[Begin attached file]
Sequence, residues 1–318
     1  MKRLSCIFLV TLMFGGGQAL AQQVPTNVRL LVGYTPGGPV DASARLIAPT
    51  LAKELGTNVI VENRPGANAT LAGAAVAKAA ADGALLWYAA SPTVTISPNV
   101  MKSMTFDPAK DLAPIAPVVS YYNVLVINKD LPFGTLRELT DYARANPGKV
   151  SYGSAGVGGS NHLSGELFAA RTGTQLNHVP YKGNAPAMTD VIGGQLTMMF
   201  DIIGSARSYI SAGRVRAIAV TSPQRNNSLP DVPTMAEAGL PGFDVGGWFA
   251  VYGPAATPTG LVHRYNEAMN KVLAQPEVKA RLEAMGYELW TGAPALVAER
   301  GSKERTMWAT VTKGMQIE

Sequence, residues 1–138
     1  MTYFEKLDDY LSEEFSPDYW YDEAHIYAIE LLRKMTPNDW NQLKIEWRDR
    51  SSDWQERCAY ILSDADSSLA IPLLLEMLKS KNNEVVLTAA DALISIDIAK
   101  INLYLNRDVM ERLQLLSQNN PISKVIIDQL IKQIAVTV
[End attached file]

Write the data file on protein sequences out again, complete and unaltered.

Sequence, residues 1–318
     1  MKRLSCIFLV TLMFGGGQAL AQQVPTNVRL LVGYTPGGPV DASARLIAPT
    51  LAKELGTNVI VENRPGANAT LAGAAVAKAA ADGALLWYAA SPTVTISPNV
   101  MKSMTFDPAK DLAPIAPVVS YYNVLVINKD LPFGTLRELT DYARANPGKV
   151  SYGSAGVGGS NHLSGELFAA RTGTQLNHVP YKGNAPAMTD VIGGQLTMMF
   201  DIIGSARSYI SAGRVRAIAV TSPQRNNSLP DVPTMAEAGL PGFDVGGWFA
   251  VYGPAATPTG LVHRYNEAMN KVLAQPEVKA RLEAMGYELW TGAPALVAER
   301  GSKERTMWAT VTKGMQIE

Sequence, residues 1–138
     1  MTYFEKLDDY LSEEFSPDYW YDEAHIYAIE LLRKMTPNDW NQLKIEWRDR
    51  SSDWQERCAY ILSDADSSLA IPLLLEMLKS KNNEVVLTAA DALISIDIAK
   101  INLYLNRDVM ERLQLLSQNN PISKVIIDQL IKQIAVTV